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As mentioned in the previous post, an alternative consists in filling the permutation of {1,…,N} by adding squares left and right until the permutation is complete or no solution is available. While this sounds like the dual of the initial solution, it brings a considerable increase in computing time, as shown below. I thus redefined the construction of the solution by initialising the permutation at random (it could be 1 as well)

and then completing only with possible neighbours, left

out=outer(perfect-perm[t],friends,"==")
if (max(out)==1){
t=t+1
perm[t]=sample(rep(perfect[apply(out,1,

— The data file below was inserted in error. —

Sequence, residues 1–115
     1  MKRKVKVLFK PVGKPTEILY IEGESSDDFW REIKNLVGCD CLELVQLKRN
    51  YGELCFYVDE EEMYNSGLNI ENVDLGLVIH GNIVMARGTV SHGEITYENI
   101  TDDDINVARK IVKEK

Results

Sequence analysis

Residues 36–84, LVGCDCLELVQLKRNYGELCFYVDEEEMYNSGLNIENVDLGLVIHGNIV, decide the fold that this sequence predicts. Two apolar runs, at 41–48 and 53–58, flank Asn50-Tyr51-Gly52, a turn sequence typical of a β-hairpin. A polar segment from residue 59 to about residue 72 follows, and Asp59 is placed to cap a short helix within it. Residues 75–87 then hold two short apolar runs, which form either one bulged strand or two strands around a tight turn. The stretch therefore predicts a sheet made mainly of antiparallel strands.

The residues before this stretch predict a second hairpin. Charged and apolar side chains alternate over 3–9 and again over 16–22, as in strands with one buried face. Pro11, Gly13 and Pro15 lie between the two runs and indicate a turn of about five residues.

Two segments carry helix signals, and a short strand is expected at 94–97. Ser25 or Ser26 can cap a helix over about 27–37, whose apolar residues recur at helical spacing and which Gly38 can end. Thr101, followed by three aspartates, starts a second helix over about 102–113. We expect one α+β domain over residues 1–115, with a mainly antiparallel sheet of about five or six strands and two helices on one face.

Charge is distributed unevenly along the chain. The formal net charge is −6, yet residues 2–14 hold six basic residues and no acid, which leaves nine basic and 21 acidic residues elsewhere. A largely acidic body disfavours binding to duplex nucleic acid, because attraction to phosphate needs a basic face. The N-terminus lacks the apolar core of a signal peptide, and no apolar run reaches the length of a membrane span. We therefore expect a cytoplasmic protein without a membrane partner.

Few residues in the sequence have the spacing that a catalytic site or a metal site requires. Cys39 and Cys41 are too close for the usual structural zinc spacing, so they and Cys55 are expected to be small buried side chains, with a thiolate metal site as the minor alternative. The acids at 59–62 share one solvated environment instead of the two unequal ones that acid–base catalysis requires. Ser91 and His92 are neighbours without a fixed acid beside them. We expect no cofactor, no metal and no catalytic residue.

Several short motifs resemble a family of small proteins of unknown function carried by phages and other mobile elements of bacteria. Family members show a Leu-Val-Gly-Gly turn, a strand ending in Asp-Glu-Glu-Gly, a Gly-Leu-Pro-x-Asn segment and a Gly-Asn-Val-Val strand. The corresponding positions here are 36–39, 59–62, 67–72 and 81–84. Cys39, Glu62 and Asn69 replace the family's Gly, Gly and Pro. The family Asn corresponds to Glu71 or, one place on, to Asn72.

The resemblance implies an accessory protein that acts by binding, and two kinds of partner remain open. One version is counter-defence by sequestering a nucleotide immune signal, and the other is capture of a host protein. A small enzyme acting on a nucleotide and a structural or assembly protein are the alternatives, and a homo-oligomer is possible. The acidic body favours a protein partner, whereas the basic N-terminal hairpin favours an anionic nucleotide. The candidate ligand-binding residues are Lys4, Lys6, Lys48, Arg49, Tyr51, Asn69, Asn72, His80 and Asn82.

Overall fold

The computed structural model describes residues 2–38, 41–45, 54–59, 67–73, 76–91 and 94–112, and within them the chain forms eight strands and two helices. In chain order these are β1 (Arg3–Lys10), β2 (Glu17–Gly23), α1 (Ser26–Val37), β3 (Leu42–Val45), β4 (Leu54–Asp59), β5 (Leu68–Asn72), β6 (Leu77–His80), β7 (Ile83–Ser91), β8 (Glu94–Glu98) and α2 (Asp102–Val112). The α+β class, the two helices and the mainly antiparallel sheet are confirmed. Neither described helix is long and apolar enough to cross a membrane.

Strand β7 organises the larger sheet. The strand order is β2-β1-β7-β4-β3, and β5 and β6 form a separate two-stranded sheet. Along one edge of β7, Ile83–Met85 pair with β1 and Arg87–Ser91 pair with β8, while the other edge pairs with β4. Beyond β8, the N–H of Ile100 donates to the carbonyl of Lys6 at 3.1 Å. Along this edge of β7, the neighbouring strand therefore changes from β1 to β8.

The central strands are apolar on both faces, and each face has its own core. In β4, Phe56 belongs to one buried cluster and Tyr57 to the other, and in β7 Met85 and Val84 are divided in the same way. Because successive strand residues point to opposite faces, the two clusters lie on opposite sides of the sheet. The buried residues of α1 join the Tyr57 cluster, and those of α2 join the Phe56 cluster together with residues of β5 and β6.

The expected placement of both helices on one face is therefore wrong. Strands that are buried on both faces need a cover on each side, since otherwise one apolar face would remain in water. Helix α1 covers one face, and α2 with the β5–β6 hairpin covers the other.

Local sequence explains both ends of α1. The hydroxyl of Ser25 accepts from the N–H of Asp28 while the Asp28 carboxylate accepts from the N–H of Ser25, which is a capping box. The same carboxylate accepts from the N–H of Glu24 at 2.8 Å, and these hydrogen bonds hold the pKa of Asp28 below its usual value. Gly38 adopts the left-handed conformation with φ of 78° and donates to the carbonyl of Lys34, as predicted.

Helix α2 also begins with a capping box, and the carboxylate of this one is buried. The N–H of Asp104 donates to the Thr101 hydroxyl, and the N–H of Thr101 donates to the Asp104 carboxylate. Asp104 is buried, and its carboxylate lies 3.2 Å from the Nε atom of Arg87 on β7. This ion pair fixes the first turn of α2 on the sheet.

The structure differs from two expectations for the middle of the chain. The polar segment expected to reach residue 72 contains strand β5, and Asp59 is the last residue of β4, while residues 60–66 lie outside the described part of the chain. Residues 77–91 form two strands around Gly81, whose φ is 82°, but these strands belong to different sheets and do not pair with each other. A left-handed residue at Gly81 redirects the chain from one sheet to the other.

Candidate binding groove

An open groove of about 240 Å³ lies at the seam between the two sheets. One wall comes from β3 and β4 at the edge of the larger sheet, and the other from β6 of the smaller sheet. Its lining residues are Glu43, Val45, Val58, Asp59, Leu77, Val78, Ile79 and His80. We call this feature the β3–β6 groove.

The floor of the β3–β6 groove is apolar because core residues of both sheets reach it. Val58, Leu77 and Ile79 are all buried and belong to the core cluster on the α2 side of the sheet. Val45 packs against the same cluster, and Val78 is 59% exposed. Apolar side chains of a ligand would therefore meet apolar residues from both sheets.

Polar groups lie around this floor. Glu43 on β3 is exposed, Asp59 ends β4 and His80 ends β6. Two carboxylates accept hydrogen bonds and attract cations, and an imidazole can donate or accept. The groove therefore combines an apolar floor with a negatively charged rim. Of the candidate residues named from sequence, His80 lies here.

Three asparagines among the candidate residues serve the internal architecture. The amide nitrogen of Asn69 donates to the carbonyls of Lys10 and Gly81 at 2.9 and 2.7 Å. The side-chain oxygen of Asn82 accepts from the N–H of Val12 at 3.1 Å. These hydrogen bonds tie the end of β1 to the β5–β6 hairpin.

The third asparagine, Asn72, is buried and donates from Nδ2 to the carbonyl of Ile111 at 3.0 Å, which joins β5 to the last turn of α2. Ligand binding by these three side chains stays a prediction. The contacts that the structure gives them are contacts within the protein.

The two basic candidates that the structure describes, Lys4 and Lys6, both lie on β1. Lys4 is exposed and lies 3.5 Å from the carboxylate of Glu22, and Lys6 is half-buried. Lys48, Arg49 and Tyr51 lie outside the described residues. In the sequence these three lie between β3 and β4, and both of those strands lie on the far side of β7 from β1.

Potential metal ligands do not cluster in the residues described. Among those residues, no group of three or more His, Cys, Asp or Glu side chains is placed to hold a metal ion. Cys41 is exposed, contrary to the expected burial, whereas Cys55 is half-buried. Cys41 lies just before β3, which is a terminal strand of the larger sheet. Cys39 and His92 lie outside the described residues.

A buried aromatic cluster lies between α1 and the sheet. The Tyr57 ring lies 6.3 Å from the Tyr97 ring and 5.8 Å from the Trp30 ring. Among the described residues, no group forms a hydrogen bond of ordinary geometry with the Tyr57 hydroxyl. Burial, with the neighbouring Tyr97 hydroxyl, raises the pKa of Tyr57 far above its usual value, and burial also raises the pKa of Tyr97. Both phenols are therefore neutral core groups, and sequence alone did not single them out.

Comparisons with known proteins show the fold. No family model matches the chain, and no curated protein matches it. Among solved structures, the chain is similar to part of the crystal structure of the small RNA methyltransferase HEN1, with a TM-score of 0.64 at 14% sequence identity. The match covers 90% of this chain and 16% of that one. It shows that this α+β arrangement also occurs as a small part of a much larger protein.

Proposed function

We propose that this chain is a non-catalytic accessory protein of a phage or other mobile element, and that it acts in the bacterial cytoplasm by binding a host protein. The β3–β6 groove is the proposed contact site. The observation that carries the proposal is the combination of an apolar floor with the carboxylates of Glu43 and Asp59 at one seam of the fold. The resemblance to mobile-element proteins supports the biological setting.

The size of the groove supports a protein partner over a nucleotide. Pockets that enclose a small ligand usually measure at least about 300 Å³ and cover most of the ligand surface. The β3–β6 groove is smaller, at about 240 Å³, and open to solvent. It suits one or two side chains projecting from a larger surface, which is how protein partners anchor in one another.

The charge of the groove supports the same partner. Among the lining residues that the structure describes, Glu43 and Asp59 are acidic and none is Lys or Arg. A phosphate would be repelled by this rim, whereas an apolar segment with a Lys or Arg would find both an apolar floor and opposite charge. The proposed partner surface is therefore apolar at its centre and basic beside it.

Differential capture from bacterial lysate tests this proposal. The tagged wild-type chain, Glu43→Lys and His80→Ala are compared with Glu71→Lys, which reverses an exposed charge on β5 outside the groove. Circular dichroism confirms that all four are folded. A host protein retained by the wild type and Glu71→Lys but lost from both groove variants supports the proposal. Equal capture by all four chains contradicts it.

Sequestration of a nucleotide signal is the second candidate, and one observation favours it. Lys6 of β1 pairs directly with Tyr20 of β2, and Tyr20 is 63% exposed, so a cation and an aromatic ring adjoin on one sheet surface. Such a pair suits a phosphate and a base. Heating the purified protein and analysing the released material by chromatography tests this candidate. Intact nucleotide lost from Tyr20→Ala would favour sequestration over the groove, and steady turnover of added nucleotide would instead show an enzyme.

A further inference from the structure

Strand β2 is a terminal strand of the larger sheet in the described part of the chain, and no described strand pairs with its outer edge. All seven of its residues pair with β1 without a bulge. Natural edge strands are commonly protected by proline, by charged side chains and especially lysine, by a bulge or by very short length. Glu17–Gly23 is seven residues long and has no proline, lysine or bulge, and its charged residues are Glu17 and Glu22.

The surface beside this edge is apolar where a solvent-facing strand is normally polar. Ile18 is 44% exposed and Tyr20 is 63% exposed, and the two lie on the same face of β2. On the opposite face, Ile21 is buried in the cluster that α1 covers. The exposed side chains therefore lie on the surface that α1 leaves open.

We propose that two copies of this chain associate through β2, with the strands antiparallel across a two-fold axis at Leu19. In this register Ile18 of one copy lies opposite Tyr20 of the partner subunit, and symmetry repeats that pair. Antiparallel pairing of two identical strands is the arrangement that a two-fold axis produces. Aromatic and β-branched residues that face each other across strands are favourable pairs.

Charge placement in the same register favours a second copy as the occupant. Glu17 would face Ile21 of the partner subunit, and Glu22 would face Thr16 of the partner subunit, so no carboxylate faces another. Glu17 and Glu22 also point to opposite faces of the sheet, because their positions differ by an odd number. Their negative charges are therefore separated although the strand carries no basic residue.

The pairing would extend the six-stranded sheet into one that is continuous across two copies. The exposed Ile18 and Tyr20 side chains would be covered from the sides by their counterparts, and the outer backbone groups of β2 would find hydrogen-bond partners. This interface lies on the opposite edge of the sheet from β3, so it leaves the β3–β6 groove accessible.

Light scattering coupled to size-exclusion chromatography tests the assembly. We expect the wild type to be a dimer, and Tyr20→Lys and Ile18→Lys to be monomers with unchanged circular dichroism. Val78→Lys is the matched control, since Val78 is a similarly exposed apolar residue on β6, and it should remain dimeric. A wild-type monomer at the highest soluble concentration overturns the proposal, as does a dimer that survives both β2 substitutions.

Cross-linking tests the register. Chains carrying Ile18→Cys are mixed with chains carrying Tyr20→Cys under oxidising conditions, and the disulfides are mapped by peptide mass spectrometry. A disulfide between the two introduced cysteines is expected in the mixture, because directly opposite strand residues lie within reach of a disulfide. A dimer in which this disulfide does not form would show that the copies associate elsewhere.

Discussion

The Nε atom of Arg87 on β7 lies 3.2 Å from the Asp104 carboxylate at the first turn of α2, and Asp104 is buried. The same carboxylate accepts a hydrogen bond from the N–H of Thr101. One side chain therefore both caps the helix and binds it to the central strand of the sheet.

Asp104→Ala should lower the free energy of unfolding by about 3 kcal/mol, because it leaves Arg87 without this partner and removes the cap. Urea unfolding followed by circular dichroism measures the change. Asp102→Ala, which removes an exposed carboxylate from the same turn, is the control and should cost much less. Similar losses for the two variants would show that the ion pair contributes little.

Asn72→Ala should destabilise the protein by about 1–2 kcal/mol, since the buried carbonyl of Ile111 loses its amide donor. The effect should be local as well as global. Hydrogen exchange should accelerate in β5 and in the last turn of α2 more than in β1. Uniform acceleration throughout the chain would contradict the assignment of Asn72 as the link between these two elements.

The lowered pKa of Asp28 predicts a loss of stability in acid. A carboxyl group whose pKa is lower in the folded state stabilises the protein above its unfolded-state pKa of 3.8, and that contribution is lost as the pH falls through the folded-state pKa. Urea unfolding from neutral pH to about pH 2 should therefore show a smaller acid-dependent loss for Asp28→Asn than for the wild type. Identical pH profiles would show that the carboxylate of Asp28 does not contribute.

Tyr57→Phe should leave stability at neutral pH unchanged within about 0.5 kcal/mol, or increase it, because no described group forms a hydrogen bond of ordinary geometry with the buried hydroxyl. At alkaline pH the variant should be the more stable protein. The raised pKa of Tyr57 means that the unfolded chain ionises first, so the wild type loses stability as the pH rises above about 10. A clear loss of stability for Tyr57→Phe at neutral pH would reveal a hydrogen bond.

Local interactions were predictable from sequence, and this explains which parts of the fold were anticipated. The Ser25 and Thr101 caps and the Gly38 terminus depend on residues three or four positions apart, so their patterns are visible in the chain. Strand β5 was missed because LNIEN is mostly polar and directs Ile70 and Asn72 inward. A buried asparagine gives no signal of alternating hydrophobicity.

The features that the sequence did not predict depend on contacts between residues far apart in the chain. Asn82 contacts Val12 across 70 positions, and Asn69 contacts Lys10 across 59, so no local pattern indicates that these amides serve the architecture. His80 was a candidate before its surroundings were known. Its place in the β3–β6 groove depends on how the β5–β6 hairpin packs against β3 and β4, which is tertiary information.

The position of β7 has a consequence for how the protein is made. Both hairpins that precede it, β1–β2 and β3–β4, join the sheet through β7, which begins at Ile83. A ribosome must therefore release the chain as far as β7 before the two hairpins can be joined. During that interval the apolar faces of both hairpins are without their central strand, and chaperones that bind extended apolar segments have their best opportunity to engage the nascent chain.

max)==1],2),1)-perm[t-1]
friends=friends[friends!=perm[t]]}

or right

out=outer(perfect-perm[1],friends,"==")
if (max(out)==1){
t=t+1
perf=sample(rep(perfect[apply(out,1,
max)==1],2),1)-perm[1]
perm[1:t]=c(perf,perm[1:(t-1)])
friends=friends[friends!=perf]}

(If you wonder about the rep in the sample step, it is a trick I just found to avoid the insufferable feature that sample(n,1) is equivalent to sample(1:n,1)! It costs basically nothing but bypasses reprogramming sample() each time I used it…) The gain in computing time is amazing:

An unrelated point is that an interesting (?) alternative problem consists in adding a toroidal constraint, namely to have the first and the last entries in the permutation to also sum up to a perfect square. Is it at all possible?